Only problem would be how to split them. I guess you could just duplicate sections into more than 1 article. Though TBH I don't see an upside, would be more useful to add another article. NT (talk) 14:08, 3 December 2018 (UTC)

The split depends on what you are trying to achieve. To my mind, a wiki like this one should convey useful knowledge and not be a plain repository for information. And so, if you structure articles along the lines of tasks rather than solutions, the "split" as such sorts itself out. Details of items such as airline oil would thus either drop out of the wiki altogether or be called up in an article on compressed air systems. Restructuring needs assessment, selection and removal of material, but not duplication. The goal being to record knowledge in a way people can find it and use it for their own DIY projects.
Yup, its a fair point, we are not trying to be an alternative to wikipedia here. Answering questions like "what are the advantages of different types of wood finishing oil" or "What is the best way to oil oak" are far more useful for our target audience than "what is linseed oil". --John Rumm (talk) 18:43, 5 December 2018 (UTC)
If such articles were to be written (well, two or three important ones to begin with) we might retain this page on 'Oil' to provide links to relevant topics. This needs work of course and a page with dead links is more nuisance than benefit, but it would show which kinds of oils are addressed in the wiki. When most of the topics are written, the entries without links will show oils for which there is little of no DIY application we know of, and they could be removed from the page. Richard Gawler (talk) 14:34, 6 December 2018 (UTC)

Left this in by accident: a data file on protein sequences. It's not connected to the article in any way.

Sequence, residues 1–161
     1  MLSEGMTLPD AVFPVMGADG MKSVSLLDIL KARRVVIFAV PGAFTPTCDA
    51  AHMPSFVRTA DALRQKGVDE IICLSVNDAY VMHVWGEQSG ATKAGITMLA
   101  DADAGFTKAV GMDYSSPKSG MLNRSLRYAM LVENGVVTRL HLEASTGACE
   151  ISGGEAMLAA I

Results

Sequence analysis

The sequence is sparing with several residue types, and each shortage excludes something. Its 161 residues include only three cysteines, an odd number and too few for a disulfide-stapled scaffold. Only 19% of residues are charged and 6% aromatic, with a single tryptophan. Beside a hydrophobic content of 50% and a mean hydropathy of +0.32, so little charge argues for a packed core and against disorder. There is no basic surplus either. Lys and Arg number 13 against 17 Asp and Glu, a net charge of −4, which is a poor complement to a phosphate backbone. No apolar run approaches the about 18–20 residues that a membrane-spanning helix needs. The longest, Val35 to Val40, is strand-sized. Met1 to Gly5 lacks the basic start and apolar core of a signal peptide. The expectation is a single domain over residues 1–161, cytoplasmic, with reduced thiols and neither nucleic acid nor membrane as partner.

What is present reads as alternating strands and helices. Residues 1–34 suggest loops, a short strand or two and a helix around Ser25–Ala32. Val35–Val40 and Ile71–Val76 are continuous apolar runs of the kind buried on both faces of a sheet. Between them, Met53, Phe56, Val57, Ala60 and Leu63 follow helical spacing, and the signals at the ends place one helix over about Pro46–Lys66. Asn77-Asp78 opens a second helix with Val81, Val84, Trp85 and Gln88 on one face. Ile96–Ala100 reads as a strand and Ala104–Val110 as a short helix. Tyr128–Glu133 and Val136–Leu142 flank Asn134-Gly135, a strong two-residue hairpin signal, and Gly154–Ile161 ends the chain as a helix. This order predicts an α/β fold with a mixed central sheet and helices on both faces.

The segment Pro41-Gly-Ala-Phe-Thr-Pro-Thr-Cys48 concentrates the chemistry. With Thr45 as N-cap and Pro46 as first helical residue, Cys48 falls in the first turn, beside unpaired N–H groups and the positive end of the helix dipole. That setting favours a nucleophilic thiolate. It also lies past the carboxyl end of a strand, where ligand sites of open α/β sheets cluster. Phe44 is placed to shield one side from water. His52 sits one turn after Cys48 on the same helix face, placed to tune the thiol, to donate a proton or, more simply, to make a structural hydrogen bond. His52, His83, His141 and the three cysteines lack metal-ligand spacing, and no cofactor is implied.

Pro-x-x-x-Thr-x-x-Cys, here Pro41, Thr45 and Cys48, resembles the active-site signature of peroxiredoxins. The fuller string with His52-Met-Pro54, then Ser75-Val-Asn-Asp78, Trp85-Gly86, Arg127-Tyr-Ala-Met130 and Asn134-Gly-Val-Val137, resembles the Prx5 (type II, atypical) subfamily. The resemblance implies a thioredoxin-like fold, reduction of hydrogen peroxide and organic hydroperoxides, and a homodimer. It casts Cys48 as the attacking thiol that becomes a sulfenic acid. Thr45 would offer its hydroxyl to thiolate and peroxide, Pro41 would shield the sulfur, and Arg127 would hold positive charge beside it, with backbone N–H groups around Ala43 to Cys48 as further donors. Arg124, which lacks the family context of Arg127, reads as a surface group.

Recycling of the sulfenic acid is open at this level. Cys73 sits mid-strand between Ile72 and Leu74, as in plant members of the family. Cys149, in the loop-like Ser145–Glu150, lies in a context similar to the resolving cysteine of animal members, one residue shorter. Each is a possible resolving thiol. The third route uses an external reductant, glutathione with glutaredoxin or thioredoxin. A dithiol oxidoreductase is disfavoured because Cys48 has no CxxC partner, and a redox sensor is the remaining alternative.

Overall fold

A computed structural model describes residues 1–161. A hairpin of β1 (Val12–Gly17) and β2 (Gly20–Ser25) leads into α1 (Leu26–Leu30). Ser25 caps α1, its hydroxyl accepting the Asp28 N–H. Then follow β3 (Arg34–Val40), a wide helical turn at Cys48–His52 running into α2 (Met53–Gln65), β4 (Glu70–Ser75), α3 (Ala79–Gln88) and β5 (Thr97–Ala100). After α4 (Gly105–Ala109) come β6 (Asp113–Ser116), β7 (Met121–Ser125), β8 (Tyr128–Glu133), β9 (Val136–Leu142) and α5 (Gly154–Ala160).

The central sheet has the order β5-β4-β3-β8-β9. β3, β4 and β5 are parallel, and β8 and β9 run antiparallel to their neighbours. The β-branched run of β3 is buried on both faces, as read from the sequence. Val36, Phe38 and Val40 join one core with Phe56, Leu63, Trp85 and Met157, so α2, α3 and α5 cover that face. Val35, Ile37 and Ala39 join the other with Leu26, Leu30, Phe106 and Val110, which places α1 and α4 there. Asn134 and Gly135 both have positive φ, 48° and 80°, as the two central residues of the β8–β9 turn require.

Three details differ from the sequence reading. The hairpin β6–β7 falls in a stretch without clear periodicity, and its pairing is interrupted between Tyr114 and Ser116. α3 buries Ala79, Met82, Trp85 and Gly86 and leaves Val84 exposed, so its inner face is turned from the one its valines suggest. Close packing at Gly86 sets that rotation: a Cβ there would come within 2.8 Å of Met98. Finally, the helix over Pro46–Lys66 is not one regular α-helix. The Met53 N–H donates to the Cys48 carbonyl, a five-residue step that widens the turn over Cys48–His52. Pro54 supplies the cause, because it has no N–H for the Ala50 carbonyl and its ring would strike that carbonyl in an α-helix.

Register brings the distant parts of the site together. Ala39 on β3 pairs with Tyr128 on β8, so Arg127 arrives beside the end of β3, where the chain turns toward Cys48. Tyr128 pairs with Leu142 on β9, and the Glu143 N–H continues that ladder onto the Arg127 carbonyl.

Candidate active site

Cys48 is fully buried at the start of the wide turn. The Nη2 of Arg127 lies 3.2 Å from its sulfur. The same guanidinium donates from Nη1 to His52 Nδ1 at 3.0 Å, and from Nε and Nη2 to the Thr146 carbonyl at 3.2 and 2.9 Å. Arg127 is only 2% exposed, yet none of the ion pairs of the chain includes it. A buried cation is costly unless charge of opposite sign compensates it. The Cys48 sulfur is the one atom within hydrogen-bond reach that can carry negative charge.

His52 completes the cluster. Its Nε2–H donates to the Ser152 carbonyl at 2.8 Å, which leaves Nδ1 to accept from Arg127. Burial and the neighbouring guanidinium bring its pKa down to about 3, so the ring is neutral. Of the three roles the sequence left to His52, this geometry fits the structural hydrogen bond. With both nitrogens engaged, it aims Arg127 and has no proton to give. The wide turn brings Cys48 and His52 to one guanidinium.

We still have a number of what I would term "list" articles - a kind of "here is a loose topic, and now let's vomit everything we know about it onto the page" approach. Some of these are ok starting points for actual articles of interest, but many of these lose sight of an actual narrative. So perhaps a top level article should focus on applications of oil that are of interest - say lubrication, protection, cleaning, finishing etc. Each with its own introduction. Some may be obvious (e.g. the majority will know of oil for its lubrication properties), but may starting woodworkers for example may be unaware of the range of finishing applications for oils. You then also have a nice starting page for oil related DIY jobs as well as a description of the actual products. --John Rumm (talk) 11:13, 7 December 2018 (UTC)
So ... there is no clear primary DIY topic for oil but I think it would be best to keep a page entitled 'oil' because it has so many hits. The revised page might look like this: